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21 Jun 2016 Articles Comments (1)

Answering Pope Francis on Invalid Marriages

Pope Francis said outright yesterday what before could only be intuited from his comments: that most sacramental marriages today are not valid. According to …

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13 Jun 2016 Americas Asia-Pacific Europe News USA Vatican Comments (1)

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30 Dec 2015 Q&A No comments

Does the undeserved suffering of innocents point to the reality of reincarnation?

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02 Nov 2014 Articles No comments

Paganism, Prophecies, and Propaganda

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09 Sep 2015 News USA No comments

Cardinal Nichols thanks Queen for safeguarding the Christian faith

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17 Aug 2016 News No comments

Pope prays for exploited women on the Feast of the Assumption

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10 Nov 2015 News Vatican No comments

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29 Mar 2015 Q&A Comments (9)

Why don't the apostles recognize Jesus after the Resurrection?

  Full Question I'm baffled by the passages in Scripture that say the apostles didn't recognize Jesus when he rose from the dead (e.g.,…

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Are eulogies proper for funerals?

Full Question

I heard somewhere that a layperson cannot deliver a eulogy at a funeral Mass. Are there any circumstances in which it would be acceptable?


According to the Order of Christian Funerals, there is never to be a eulogy at a funeral Mass (OCF 27), although the celebrant may express a few words of gratitude about the person’s life in his homily, or he may allow a relative or a friend to say a few words about the deceased during the concluding rite (GIRM 89). The remarks must be brief and under no circumstances can the deceased person be referred to as being in heaven. Only the Church has the authority to canonize.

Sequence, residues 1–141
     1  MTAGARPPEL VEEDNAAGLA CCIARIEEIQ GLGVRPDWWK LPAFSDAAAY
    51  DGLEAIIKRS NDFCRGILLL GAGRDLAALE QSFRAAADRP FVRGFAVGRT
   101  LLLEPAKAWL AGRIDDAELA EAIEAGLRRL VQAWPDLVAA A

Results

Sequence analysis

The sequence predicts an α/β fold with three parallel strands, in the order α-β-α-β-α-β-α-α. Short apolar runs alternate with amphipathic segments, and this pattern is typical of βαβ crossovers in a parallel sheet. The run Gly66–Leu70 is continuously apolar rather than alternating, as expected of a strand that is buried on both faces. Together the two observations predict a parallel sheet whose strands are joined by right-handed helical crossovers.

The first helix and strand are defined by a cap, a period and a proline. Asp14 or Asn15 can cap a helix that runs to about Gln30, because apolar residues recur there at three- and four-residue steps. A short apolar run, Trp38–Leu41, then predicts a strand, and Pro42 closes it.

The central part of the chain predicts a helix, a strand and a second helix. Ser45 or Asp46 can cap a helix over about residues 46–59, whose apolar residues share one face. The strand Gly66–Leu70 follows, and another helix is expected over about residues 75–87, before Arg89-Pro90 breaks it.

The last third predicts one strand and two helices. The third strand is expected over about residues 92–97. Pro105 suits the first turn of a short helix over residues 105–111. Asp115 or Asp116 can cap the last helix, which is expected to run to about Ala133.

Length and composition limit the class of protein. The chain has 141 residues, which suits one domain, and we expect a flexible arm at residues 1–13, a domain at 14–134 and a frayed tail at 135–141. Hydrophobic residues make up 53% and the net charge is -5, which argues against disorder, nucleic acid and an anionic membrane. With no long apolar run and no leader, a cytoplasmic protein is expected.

Contrary to common assumption, the purpose of the funeral Mass is not to celebrate the life of the deceased but to offer worship to God for Christ’s victory over death, to comfort the mourners with prayers, and to pray for the soul of the deceased. Relatives or friends who wish to speak of the deceased’s character and accomplishments can do so at a prayer service to be held in a home or funeral home or at the graveside following the rite of committal.


1 comment

  1. Patrick Gannon Reply

    ” the purpose of the funeral Mass is not to celebrate the life of the deceased but to offer worship to God for Christ’s victory over death, to comfort the mourners with prayers, and to pray for the soul of the deceased.”
    I don’t get this. I understand that upon death, one is judged instantly and goes straight to heaven or one of the four Hells – probably Gehenna, formerly known as the Jerusalem town dump. Those in Hell are there for an eternity (actually, an “age” as the original word aionion really means), while the one who has made it to heaven is in no further need of prayers….. oh wait…. I forgot. There’s that Purgatory thing, where you just get scorched with the blowtorch, then they let you in and stip you of your free wil, and turn you into a blissful zombie. I guess prayers can move along the transition to full zombie status in heaven…. ?
    And where is this “victory over death?” Why are we having a funeral if there was a victory over death?

    Jesus didn’t sacrifice anything or really die if he was God. He knew he would not be permanently killed, so he didn’t really sacrifice anything, did he?

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